The fragility and strength of our democracy

Wednesday was a scary and difficult day. The heart of our democratic institutions, in the building that symbolizes freedom and democratic ideals around the world, was brutally attacked by an angry mob incited by a group of demagogues claiming to represent “true” American values. It was deeply painful to watch.

It was particularly shocking for me, as it brought back painful memories. More than 50 years ago, in my homeland of Greece, a small group of right-wing forces dismantled democracy and installed a military junta in just a few hours. The junta trampled civil liberties, imprisoned political opponents, instigated chaos and anarchy, and ruled by fear for several years before the democratic processes and ideals were restored.

However, on Wednesday, our democratic institutions held strong, and by the end of the day both houses of Congress returned to the Capitol Building to do the people’s business. Collectively, we were relieved. But we can’t forget how disturbingly easy it is to slide from a democracy into a dictatorship. Democracies thrive when they act in accord with the collective will of the people. But when the people lose their ability or will to work toward consensus, democracy is weakened.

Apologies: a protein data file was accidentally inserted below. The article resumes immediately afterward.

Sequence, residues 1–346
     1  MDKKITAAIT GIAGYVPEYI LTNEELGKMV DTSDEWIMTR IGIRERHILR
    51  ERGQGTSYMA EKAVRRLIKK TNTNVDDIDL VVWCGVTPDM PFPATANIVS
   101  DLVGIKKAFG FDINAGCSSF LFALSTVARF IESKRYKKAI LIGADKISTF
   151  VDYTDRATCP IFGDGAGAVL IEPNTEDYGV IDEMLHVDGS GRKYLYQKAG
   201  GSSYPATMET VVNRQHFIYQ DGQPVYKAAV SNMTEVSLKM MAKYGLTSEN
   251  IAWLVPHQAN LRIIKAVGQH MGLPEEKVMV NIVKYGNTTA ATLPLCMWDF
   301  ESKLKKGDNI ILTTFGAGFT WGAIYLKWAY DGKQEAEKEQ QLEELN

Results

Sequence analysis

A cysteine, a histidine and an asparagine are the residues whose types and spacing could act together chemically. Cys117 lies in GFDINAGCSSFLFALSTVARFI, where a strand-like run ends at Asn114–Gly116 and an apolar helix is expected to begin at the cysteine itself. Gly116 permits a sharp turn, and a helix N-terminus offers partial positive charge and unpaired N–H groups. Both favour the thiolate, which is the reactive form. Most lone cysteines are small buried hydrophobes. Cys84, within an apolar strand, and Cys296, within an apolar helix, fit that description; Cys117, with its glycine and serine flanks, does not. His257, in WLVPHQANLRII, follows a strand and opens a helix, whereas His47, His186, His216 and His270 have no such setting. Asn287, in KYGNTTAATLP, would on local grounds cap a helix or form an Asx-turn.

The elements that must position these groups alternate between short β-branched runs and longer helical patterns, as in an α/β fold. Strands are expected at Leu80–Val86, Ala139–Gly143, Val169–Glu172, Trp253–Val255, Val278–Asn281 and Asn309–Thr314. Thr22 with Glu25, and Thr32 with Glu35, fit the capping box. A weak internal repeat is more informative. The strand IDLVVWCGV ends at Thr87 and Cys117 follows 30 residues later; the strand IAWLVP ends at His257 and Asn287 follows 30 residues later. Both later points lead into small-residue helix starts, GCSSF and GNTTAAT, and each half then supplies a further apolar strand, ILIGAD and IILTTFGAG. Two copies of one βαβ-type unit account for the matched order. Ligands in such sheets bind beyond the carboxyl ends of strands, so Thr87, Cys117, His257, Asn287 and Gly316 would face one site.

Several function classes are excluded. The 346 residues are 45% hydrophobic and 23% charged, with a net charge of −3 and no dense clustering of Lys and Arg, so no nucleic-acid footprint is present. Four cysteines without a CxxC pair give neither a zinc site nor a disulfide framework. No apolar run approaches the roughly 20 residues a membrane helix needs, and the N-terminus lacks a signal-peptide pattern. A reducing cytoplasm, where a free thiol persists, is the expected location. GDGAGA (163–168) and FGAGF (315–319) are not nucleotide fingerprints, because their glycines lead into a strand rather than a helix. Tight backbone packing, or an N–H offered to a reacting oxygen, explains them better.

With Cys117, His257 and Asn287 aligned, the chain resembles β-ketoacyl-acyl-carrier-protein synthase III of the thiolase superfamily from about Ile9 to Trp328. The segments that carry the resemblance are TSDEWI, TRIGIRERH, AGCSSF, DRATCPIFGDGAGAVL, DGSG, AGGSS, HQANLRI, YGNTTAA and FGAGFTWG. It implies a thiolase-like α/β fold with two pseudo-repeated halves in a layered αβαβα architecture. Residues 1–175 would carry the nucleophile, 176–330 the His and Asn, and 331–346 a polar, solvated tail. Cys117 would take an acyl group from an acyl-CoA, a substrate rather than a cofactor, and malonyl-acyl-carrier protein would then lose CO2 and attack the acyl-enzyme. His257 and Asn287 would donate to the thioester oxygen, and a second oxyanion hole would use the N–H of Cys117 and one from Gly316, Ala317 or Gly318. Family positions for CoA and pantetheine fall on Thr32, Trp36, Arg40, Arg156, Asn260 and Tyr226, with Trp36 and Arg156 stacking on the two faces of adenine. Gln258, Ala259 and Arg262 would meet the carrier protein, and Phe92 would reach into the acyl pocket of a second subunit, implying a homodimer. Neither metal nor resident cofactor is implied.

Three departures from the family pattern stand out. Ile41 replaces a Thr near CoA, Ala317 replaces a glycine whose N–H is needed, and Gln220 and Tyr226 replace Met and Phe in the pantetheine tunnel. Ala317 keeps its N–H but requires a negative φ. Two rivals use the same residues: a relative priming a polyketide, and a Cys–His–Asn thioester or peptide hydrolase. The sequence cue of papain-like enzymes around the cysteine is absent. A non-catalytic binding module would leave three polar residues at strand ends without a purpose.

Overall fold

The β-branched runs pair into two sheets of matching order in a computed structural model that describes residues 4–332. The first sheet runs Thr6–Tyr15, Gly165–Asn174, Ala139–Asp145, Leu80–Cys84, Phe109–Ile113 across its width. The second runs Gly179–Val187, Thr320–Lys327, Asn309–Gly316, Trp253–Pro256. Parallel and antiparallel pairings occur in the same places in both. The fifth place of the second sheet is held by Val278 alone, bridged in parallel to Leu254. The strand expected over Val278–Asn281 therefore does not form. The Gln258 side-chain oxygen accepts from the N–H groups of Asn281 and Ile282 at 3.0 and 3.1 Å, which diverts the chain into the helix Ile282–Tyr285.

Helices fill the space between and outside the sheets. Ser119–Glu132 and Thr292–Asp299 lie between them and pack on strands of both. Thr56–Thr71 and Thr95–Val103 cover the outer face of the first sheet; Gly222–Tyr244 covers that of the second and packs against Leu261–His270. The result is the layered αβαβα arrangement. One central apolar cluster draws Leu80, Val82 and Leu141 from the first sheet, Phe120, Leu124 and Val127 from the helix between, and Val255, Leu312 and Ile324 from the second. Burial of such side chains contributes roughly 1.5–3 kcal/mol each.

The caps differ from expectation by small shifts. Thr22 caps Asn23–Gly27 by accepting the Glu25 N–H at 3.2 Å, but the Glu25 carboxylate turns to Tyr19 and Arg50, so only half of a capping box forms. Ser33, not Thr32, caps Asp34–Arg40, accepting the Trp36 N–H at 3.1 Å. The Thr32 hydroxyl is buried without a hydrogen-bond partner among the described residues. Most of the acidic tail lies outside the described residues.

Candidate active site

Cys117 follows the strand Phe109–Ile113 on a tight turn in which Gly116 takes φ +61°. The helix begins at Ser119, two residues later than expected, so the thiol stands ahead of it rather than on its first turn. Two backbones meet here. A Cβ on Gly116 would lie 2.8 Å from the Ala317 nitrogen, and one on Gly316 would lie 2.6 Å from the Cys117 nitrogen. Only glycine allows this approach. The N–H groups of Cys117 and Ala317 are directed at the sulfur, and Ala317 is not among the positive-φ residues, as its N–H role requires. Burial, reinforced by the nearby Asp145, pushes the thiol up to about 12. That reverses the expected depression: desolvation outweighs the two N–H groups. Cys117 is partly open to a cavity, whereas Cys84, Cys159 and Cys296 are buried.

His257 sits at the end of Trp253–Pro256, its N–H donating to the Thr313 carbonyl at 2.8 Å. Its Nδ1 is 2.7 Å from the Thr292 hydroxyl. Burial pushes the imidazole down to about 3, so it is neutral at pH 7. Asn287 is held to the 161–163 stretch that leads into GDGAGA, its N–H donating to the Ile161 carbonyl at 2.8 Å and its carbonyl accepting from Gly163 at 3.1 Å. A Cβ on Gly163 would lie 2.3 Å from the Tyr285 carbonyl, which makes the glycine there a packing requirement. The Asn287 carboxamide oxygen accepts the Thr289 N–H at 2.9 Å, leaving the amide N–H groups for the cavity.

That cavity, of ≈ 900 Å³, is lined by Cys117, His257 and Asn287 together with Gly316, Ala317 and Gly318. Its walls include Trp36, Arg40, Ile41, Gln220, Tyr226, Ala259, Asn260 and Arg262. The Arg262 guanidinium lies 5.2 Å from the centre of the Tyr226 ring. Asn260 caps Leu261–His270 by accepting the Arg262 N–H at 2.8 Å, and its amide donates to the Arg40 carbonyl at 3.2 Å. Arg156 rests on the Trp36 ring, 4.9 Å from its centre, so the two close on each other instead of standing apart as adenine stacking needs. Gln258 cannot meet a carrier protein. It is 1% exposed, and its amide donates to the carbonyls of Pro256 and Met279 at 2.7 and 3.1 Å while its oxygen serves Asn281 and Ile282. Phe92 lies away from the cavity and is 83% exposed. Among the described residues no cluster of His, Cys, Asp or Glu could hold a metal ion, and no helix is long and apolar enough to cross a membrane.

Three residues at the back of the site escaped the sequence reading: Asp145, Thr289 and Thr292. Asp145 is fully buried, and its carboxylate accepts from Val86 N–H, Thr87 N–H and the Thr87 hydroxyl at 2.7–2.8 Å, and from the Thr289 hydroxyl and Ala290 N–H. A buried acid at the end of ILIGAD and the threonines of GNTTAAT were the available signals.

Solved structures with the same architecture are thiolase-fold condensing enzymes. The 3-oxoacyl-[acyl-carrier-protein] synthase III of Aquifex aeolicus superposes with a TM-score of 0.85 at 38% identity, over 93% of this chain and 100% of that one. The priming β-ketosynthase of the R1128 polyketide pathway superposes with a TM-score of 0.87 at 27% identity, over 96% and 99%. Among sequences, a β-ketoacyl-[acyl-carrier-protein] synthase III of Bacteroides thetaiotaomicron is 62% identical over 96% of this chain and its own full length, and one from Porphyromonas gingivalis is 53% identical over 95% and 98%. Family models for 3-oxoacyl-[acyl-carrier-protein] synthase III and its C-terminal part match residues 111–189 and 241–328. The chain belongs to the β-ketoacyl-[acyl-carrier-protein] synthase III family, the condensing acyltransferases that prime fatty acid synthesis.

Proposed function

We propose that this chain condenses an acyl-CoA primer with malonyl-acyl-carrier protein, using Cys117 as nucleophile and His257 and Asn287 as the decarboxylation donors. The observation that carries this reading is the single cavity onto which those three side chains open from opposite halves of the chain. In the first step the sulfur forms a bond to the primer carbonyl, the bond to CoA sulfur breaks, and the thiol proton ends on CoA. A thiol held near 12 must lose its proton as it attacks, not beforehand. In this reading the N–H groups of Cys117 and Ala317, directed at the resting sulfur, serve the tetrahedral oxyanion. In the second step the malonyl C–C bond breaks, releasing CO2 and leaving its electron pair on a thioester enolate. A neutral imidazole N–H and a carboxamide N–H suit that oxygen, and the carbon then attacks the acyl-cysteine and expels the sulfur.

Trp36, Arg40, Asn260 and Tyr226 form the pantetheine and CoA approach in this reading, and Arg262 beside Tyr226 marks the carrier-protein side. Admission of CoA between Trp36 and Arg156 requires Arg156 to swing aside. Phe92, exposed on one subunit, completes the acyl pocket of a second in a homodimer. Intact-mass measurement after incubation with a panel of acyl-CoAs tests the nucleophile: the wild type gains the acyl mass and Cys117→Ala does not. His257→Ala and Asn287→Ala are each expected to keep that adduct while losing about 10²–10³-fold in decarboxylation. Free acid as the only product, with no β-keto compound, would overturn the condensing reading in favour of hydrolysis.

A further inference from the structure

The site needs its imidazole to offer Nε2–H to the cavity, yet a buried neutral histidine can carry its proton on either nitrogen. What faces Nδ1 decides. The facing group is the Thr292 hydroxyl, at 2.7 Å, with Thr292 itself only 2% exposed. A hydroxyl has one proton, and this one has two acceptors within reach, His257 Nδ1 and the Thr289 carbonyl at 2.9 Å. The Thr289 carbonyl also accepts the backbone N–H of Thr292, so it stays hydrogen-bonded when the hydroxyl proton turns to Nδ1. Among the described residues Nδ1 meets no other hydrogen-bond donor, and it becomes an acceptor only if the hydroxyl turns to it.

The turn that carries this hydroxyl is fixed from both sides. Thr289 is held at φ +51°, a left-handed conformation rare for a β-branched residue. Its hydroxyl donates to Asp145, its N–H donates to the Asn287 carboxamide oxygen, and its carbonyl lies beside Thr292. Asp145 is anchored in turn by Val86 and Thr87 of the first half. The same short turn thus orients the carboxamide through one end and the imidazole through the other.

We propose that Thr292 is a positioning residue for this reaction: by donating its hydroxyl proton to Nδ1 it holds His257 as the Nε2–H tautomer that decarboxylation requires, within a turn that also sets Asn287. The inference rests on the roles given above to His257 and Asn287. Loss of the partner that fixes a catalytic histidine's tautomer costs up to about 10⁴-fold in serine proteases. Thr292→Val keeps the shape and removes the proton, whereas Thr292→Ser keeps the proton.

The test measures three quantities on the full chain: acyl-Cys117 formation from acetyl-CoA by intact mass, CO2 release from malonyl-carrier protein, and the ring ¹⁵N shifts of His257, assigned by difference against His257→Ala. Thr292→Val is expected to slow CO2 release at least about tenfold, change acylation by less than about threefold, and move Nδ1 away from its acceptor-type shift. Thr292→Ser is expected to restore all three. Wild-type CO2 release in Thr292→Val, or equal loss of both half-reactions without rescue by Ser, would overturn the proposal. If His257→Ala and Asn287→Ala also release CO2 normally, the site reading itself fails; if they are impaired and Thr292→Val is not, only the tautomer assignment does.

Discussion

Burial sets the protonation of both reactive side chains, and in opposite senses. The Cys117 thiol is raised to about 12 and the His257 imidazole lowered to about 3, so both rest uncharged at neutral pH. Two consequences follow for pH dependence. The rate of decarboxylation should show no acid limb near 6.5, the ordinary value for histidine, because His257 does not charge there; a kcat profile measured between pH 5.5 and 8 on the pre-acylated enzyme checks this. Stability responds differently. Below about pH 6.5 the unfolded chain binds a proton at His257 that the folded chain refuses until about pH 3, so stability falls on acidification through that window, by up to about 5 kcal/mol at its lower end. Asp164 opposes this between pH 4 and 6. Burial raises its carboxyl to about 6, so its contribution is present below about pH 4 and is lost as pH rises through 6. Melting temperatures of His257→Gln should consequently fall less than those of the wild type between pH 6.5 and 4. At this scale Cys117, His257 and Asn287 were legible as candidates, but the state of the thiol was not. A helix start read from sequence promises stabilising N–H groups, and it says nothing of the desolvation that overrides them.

Democracy demands dialogue. It demands that we work toward a consensus in which everybody sacrifices something for a greater collective good. Reaching this compromise requires respectful dialogue among people with different opinions. The resulting compromise is not a weakness: it is the foundational strength of a government of the people.

As a nation, we are facing serious challenges ahead. The rejection of the mob rule on Wednesday is a hopeful sign that our democratic institutions remain strong and committed to solving our problems. But those institutions are us, and only through the unwavering commitment of each of us, as individuals and collectively, can democratic institutions survive.

I would like to hear your thoughts. Please send them to

This entry was posted in Campus Communications and tagged . Bookmark the permalink. Follow any comments here with the RSS feed for this post. Comments are closed, but you can leave a trackback: Trackback URL.